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Japanese Climber Dies on ‘Treacherous’ Section of Denali

The soloist died in a dangerous part of the mountain that has killed 13 other climbers since 1980, according to park officials.
denali rescue helicopterA rescue helicopter near Denali; (photo/Shutterstock)
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A climber was found dead Monday after falling from the upper reaches of North America’s highest mountain.

Denali National Park and Preserve rangers located the deceased climber on Monday after family members reported them missing, Alaska officials said. He was later identified as T. Hagiwara, a man in his mid-40s from Sapporo, Japan, according to officials.

Hagiwara was attempting a solo ascent of Denali’s 20,310-foot summit, and kept in touch with family through an inReach communication device. But on Sunday, a concerned family member said that they hadn’t heard from the climber in several days. After locating the climber’s empty tent at the top of the 16,200-foot ridge, rangers conducted interviews to determine the last known sighting.

A climbing team had witnessed the soloist traversing from a 17,200-foot plateau to Denali Pass at 18,200 feet on Wednesday, May 15, according to a news release.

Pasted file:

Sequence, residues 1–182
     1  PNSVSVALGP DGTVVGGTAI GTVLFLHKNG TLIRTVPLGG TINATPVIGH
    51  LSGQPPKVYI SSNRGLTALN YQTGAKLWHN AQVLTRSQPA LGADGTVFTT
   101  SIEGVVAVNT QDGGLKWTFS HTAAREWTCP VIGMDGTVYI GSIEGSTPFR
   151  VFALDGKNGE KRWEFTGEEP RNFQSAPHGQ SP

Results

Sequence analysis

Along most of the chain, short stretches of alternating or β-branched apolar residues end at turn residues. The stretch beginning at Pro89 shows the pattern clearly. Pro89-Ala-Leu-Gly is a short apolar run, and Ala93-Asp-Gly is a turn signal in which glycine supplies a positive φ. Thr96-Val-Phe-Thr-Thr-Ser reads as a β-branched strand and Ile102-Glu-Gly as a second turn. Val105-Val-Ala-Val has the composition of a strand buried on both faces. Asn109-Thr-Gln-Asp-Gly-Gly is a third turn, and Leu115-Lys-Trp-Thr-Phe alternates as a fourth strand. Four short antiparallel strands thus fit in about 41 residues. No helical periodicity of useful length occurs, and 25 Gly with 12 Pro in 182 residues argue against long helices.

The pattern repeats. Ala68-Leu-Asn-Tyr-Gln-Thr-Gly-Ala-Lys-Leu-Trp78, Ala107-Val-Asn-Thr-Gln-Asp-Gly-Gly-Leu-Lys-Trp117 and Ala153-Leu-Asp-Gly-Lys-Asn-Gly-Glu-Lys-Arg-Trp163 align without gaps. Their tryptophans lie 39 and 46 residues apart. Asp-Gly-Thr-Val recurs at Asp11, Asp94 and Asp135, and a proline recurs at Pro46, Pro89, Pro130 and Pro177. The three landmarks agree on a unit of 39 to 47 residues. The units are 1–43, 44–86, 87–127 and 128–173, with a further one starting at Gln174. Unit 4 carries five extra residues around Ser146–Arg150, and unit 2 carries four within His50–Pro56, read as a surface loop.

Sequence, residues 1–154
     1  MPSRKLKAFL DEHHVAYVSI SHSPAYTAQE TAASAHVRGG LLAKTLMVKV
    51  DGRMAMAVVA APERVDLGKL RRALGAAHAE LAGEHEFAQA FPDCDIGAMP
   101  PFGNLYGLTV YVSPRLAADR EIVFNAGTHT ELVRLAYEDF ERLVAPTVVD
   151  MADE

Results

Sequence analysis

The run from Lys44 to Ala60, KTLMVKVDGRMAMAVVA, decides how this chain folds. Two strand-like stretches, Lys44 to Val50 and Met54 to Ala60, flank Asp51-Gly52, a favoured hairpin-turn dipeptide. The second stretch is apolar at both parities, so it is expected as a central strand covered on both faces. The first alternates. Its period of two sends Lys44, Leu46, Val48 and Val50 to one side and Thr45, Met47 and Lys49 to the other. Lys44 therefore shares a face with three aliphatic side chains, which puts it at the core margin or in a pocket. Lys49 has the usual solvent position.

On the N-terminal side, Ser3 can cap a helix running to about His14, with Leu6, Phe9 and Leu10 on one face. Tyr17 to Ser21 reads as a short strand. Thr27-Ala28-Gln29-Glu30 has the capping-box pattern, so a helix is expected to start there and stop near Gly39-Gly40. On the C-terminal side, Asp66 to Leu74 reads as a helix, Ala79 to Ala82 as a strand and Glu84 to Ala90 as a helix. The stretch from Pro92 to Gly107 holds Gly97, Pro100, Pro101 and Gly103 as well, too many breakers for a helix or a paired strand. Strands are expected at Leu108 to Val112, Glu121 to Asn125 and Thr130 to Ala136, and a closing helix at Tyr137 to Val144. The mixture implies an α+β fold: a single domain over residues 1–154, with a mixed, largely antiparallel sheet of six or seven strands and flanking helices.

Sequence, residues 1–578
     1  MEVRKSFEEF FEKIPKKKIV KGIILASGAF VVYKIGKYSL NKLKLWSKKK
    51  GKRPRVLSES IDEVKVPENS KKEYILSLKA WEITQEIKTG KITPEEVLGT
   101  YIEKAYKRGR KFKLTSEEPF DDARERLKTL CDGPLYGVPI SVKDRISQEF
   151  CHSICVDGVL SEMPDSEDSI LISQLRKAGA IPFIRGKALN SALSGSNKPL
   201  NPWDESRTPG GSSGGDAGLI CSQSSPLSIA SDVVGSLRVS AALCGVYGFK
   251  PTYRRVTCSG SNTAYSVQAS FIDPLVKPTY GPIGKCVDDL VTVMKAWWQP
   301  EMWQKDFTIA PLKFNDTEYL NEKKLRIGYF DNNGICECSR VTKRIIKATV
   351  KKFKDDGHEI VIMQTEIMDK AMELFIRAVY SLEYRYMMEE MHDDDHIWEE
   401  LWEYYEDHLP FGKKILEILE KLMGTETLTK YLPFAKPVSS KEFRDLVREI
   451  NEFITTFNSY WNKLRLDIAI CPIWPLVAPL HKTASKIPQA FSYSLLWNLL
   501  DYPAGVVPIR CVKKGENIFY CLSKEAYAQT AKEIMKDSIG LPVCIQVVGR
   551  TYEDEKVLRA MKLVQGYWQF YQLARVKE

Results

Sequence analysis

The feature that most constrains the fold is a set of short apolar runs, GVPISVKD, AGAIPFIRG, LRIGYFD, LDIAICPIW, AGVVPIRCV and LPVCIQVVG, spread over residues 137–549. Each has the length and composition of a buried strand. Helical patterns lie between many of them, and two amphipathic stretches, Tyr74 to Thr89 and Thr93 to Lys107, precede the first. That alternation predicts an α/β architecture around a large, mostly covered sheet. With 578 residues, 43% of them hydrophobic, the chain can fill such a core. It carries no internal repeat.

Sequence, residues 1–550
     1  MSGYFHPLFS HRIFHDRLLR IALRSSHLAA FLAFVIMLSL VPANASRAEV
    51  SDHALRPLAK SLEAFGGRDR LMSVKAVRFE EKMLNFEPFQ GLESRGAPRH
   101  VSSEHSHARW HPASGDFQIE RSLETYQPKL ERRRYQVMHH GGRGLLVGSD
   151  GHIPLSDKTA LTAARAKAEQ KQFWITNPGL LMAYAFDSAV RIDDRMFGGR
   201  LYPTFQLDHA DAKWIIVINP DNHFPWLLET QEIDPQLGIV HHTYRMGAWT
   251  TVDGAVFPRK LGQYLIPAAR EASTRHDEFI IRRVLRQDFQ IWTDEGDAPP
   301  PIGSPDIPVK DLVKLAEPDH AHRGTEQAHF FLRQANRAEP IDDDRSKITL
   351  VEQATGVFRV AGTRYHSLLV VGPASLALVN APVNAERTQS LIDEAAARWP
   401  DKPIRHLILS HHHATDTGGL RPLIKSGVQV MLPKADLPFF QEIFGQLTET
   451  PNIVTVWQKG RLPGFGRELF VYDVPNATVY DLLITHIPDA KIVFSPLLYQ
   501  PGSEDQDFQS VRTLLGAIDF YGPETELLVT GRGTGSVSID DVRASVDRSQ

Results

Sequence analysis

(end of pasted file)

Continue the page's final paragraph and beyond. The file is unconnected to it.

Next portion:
That’s a dangerous area of the mountain even for experienced climbers, said Denali mountain guide Chelsey Cook. Since 1980, at least 14 climbers have died in falls on this “treacherous section” of Denali’s West Buttress route, park officials said.

“It’s exposed and generally very icy,” Cook said. “If you slip, you’re likely going for a very long ride.”

upper denali
The upper portion of the West Buttress Route of Denali, showing the approximate location of the incident; (photo/NPS)

Rangers at the Walter Harper Talkeetna Ranger Station also collected satellite location data from the climber’s inReach account, according to a news release. That led them to a probable location of about 17,000 feet on Denali’s West Buttress. Since the device location hadn’t changed since Thursday, May 16, it’s likely the climber fell on that day, officials said.

A patrol from the National Park Service discovered the climber’s body on Monday using a spotting scope. The rangers secured the climber’s body in place, and plan to return for body recovery when weather conditions improve.

Meanwhile, another 352 climbers are currently on the same route, according to park officials. However, the majority of them are much lower on the mountain this early in the climbing season, which typically begins in early May and ends in early July.

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